How Airbnb is quickly becoming Detroit's newest side hustle.
You’ve been there: Cousin or Aunt So-and-So is coming to town and needs a place to stay. Even for the friendliest relative, this can be an exhausting prospect. So imagine inviting a total stranger who’s in town for business or to wobble through the next music festival. For the 1.5 million people who list their properties on the vacation-rental website Airbnb, this is exactly what they’ve signed up for.
How it works
Founded in 2008, Airbnb allows “hosts” to rent either whole properties or individual rooms to travelers. Rentals are available in more than 190 countries and offer unique accommodations, often at much cheaper fares than traditional hotels-making for cheap getaways for thrifty travelers.
In the last year, Airbnb users sold almost 24 million nights. And some Detroiters are getting their own slice of the pie. Search for listings in Detroit, and you’ll get around 300 options spread out across the city and Windsor.
Industrial hygienist Chinonye Akunne rents the second bedroom of her spacious West Village apartment at an average nightly rate of $85. Akunne joined the site as a host in February at the encouragement of her brother who also hosts in Chicago. Her work schedule keeps her away from home three weeks a month, so her space is rented by everyone from traveling professionals to visiting musicians. Akunne takes care to keep the minimal but beautifully decorated unit clean. Because she values privacy, she keeps her bedroom and personal items locked up.
Akunne has yet to experience the unsavory side of folk, but others have been less fortunate, like a well-reported story of a New York host who came home to a trashed apartment littered with condoms and feces. Incidents of properties turning into brothels while hosts are away have also been reported.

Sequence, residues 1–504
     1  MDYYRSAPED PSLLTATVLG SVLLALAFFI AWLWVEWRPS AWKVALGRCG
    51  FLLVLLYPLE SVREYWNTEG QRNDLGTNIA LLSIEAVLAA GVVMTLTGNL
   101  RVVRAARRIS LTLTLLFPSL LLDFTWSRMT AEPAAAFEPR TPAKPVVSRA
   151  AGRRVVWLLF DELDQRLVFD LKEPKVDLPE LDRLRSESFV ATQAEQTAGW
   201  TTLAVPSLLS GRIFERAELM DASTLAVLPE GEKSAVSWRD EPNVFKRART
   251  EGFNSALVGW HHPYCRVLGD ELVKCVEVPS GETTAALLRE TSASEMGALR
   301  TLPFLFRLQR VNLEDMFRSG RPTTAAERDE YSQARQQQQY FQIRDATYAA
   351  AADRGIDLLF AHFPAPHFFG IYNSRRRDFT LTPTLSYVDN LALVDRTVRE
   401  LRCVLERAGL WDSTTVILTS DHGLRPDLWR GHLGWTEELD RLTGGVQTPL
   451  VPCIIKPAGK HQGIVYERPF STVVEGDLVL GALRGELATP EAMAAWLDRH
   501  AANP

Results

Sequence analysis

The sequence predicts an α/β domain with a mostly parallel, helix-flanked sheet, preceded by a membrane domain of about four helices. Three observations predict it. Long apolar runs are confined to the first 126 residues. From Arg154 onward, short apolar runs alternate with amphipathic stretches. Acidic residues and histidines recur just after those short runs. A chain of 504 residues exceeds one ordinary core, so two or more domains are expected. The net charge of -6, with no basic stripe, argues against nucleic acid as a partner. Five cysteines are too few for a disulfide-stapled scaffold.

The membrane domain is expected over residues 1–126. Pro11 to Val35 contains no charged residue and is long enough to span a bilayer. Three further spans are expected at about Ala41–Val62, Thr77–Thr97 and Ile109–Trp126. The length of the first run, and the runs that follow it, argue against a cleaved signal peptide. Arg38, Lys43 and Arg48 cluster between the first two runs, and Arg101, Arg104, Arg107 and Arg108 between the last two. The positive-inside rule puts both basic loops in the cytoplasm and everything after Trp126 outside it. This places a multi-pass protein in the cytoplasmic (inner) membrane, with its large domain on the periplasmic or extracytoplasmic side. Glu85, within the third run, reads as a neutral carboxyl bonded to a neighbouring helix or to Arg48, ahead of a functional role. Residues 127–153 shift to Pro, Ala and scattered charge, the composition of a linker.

Whole nine yards
When Judith Doss signed up to host nearly a year ago, she had reservations-mostly concerning her unique art collection. Her seven-bedroom, six-and-a-half-bathroom mansion boasts a gym, sauna and pool guests are welcome to use.
But the socially savvy Doss says the opportunity to meet new people played into her decision. “I’m enjoying this,” Doss says, “and it helps with the taxes.”
Doss says she’s made $10,000 so far in 2016 renting out the entire property $1,700 a night. Individual rooms are also available for rent.
Doss was concerned about prejudice – there have been reports of travelers preferring white hosts, and vice versa – and one visitor did look taken back.
“I knew when I opened that door that he did not want to deal with me,” she says, though Airbnb displays photos of property hosts. But when it comes to her houseguests, Doss is warm and welcoming, often doing extras like grabbing an expensive case of wine or cooking a lavish meal.
Despite opposition, hosts like Akunne and Doss plan to continue offering good, old-fashioned Detroit hospitality.